Cheating when attending interviews: Many blue chip companies allow the students who have been selected for the final interview the freedom to travel by 2nd A/C to the corporate head quarters. Many students book the 2nd A/C tickets, take a photo copy and cancel the A/C ticket. Subsequently they would purchase a 2nd class sleeper ticket and travel. They would submit the 2nd A/C photo copy at the time of reimbursement. Their reward - a paltry sum of may be 1000 to 1500/- rupees.

Unknown to them a clerk of the concerned company would have visited the railway station and would have checked whether the candidate has travelled by 2nd class sleeper or 2nd A/C. The company would happily pay a cheating candidate his 2nd A/C claim. They would be relieved that they have got away with only 1000 or 1500/- rupees loss. The company would not touch such a person with a barge pole – especially a candidate who cheated at the very first instance. It is as if they are saying good riddance to bad rubbish.

Universities of USA: keeping the rampant increase in trying to cheat, the American universities have started allowing critical formulae to be carried into the examination hall. The emphasis is not on cramming one’s brain with formulae or rote memory but on application based learning. But if found cheating or copying the student have to forfeit the entire course.

Gamesmanship need not always mean sledging: The case of Steve Waugh in the 1996 cricket world cup is very illuminating. Hershelle Gibbs at the forward short leg drops Steve Waugh’s catch. Steve immediately reminds him “Son you have just dropped the world Cup “. Equally interesting is the case of Sadagopan Ramesh Vs Allan Mullalay of England. Ramesh is continuously playing and failing to connect the ball. Allan Mullalay goes up to Ramesh and politely enquires if he is looking for a career in fishing! Nice men also win.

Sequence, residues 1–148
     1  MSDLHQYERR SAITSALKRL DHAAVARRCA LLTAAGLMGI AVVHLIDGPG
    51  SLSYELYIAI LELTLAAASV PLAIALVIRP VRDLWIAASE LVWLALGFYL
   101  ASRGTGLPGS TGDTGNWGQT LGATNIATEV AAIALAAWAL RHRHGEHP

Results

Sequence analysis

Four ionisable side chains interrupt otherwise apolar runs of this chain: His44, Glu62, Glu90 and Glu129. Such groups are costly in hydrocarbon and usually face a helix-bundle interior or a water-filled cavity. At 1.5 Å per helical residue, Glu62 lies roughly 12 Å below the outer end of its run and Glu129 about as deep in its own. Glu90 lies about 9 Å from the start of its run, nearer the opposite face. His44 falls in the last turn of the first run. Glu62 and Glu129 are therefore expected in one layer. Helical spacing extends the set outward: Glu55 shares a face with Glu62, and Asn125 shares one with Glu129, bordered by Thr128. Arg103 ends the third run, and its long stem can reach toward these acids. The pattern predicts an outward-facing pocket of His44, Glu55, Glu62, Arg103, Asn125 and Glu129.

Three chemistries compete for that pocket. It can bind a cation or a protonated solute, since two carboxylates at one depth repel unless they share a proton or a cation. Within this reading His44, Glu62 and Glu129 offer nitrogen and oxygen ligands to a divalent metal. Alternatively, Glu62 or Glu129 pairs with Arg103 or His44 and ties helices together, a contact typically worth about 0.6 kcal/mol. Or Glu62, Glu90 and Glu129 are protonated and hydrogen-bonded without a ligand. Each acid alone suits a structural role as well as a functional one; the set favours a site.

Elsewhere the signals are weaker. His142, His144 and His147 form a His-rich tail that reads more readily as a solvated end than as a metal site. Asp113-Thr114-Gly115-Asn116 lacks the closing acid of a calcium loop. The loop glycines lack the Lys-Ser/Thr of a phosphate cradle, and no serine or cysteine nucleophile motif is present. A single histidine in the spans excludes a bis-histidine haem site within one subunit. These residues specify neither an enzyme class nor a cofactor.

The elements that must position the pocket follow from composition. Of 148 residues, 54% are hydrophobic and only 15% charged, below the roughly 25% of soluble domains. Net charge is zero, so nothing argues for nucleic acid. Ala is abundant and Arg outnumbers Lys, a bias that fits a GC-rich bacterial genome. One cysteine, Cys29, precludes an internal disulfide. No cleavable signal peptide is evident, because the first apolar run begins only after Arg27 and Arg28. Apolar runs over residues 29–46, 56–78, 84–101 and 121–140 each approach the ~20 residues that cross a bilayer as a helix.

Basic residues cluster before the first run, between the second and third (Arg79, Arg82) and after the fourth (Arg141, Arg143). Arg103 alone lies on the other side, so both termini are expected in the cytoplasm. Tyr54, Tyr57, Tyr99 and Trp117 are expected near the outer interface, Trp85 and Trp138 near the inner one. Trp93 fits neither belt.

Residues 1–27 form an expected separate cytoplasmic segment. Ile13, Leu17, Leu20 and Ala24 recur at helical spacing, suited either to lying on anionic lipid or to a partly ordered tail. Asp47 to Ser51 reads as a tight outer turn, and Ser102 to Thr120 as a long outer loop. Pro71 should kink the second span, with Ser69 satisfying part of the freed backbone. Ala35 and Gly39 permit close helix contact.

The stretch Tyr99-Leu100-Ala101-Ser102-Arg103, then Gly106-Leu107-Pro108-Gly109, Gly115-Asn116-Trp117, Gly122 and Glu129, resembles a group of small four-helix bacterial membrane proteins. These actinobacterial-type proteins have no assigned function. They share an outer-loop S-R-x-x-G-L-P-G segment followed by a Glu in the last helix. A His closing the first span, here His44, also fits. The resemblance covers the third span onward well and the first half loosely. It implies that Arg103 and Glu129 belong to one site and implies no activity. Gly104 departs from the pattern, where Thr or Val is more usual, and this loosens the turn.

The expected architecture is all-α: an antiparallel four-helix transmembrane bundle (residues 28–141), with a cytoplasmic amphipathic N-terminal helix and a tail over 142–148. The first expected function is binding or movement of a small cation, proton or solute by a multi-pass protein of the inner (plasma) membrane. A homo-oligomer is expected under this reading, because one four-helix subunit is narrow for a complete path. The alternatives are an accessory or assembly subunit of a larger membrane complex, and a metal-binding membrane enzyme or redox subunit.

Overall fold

The advertisement of Royal Challenge also touches the heart. Two friends are playing basketball. One of the friends has his son watching him play. His friend graciously allows the father to win the game. The look on the beaten man says it all. You need not win at all times. Some times you could lose and win too. What a beautiful sentiment.

Wrapping up let us end with a famous saying,

YOU CAN FOOL MANY PEOPLE MANY TIMES

YOU CAN FOOL SOME PEOPLE SOME TIMES

BUT YOU CAN’T FOOL ALL PEOPLE ALL THE TIME.

Lets us not forget the last line includes self that is ourselves. Let’s us not try to cheat ourselves. That would really be a crying shame.

May 26, 2010

Cheating – The ultimate way of fooling one-self (Part 3)

Cheating in Popular Media: